You love your pet and want to ensure that the veterinarian you select for your pet has the right qualifications to provide care for your beloved companion. When considering a new vet, what qualifications should you keep an eye out for?
Choosing the Right Vet
Choosing a new veterinarian for your pets can be a stressful experience. There are many different factors to consider. Will you like them? Will their hospital's hours line up with you availability? Beyond these important day-to-day practicalities, there are also a number of certifications a given vat can have. So, what do they mean? Here are a few of the most common.
Mandatory U.S. Veterinary Qualifications
When searching for a vet, it is key for you to check and make sure that your prospective vet is licensed in the U.S. and in your state. You may also wish to take some time to find out if other people working the hospital are licensed like veterinary technicians. Visit your prospective vet's office and take a look around. If you don't see certifications hanging in the office, you can always ask to see them or contact your state board of veterinary medicine for more information.
Here are the two certifications you are looking for:
DVM (VMD) - Doctor of Veterinary Medicine - The first thing that you need to check is that your vet is qualified to practice in the U.S. When a person graduates from an American veterinary school they receive a DVM—Doctor of Veterinary Medicine degree (sometimes called a VMD degree). All vets practicing in the U.S. must have a DVM degree. A DVM degree means that the person you are considering is, in fact, a qualified veterinarian and is fully qualified to perform the duties of the profession.
State Veterinary Licensing - In order to practice veterinary medicine, some states also require a veterinarian to pass a state-specific examination. These exams typically test the vet's knowledge of the state's laws and regulations governing veterinary medicine. In order to maintain a state veterinary license, vets must obtain continuing education and may need to renew their license on a regular basis (often every 3 years).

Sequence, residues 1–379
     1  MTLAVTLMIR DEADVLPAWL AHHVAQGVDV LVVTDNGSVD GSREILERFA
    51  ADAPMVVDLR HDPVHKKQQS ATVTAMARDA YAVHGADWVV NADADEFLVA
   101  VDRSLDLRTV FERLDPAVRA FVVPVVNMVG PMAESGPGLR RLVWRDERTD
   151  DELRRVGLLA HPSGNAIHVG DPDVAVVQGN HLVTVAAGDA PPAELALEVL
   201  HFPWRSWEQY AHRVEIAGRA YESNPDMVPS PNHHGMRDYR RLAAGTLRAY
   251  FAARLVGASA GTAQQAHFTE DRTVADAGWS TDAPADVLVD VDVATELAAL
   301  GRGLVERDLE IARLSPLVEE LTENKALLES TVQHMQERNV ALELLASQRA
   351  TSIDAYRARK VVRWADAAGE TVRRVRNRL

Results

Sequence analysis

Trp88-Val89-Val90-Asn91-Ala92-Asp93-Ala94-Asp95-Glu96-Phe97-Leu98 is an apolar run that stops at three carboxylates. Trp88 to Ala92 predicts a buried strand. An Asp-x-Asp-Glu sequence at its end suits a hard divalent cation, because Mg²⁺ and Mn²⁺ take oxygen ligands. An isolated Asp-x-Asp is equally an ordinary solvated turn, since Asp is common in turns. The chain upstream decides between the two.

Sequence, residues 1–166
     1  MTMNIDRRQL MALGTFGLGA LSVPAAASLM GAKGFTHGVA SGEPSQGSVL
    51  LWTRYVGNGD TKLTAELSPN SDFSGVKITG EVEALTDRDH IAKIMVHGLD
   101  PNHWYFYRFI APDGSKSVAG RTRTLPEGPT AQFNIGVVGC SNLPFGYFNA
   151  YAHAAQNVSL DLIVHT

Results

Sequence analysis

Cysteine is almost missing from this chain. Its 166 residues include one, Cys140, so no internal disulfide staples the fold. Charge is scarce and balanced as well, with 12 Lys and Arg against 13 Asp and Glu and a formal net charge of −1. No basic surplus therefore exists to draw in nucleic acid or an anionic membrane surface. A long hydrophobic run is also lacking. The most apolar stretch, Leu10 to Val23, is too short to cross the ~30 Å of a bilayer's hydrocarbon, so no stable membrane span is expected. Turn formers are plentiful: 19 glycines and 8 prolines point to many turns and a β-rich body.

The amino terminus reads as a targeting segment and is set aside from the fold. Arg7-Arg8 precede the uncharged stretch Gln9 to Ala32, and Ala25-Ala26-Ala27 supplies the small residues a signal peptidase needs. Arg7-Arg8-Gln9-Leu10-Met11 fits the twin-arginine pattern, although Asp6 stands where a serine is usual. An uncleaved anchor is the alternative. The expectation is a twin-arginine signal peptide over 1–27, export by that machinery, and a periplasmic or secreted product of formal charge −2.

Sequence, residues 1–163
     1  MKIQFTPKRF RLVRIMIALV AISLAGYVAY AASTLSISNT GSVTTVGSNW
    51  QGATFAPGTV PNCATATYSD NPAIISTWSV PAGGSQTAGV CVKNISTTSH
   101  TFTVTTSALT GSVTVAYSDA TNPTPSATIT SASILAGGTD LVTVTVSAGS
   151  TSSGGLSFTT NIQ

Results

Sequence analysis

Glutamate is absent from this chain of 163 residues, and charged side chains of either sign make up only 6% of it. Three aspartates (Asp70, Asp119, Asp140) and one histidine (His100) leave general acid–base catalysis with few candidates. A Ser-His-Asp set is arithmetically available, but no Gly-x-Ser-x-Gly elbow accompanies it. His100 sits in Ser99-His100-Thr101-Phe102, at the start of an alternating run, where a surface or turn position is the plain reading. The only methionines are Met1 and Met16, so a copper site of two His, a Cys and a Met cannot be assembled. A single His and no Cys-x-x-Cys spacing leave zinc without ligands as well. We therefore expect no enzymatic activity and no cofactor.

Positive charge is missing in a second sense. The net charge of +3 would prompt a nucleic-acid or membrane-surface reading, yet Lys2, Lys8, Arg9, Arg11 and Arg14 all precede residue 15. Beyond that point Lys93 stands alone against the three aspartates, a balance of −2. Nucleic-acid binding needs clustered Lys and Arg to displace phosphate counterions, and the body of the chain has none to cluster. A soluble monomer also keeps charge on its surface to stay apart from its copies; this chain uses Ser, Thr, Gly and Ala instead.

Additional Veterinary Qualifications
If your pet has healthcare needs beyond standard veterinary care, you may want to look for a vet with qualifications that go above and beyond the standard DVM degree. Two of these certifications are:
Diplomate of the American Board of Veterinary Practitioners (DABVP) - Vets who are ABVP Certified start with a DVM degree then go on to acquire knowledge and expertise beyond what is needed in order to practice standard veterinary care. ABVP Diplomates undergo a challenging 3-year process of additional studies and examination to become board certified specialists recognized by the American Veterinary Medical Association (AVMA). These vets have put in hard work and training in order to specialize in treatment of different categories of companion animals.
Fear Free Certification - If you have a pet that is high-strung or anxious you may want to take the extra time to locate a Fear-Free Certified vet in your area. Fear-Free certification can apply to an individual vet, another veterinary professional within the hospital, or even the hospital itself. Fear Free training teaches ways in which veterinary professionals can make pets more at ease in their office and during their examinations and treatment.
Vets That May Require A Referral
Veterinary Specialists - A veterinary specialist is board-certified and has completed extra training in a specific area of veterinary medicine and will have passed an examination of their skills and knowledge in that area. If your pet is especially unwell, your regular vet may refer you to a specialist who is knowledgeable in a relevant area. There are 41 specialties within veterinary medicine from ophthalmology and dentistry to surgeries. Veterinary specialists take pride in working with your primary care veterinarian to provide your pet with the best care possible.